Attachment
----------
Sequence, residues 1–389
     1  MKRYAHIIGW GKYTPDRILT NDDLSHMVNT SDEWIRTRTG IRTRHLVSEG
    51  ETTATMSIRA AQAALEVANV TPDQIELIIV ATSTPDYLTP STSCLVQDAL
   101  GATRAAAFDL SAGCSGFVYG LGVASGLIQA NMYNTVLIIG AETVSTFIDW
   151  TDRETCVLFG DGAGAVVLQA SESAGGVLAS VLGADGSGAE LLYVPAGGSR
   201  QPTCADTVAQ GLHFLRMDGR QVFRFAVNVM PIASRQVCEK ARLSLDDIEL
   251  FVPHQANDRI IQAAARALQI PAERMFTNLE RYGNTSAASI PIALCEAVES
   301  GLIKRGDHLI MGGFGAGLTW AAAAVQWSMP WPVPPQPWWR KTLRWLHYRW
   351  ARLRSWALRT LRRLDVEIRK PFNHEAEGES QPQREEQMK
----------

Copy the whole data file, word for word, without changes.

Sequence, residues 1–389
     1  MKRYAHIIGW GKYTPDRILT NDDLSHMVNT SDEWIRTRTG IRTRHLVSEG
    51  ETTATMSIRA AQAALEVANV TPDQIELIIV ATSTPDYLTP STSCLVQDAL
   101  GATRAAAFDL SAGCSGFVYG LGVASGLIQA NMYNTVLIIG AETVSTFIDW
   151  TDRETCVLFG DGAGAVVLQA SESAGGVLAS VLGADGSGAE LLYVPAGGSR
   201  QPTCADTVAQ GLHFLRMDGR QVFRFAVNVM PIASRQVCEK ARLSLDDIEL
   251  FVPHQANDRI IQAAARALQI PAERMFTNLE RYGNTSAASI PIALCEAVES
   301  GLIKRGDHLI MGGFGAGLTW AAAAVQWSMP WPVPPQPWWR KTLRWLHYRW
   351  ARLRSWALRT LRRLDVEIRK PFNHEAEGES QPQREEQMK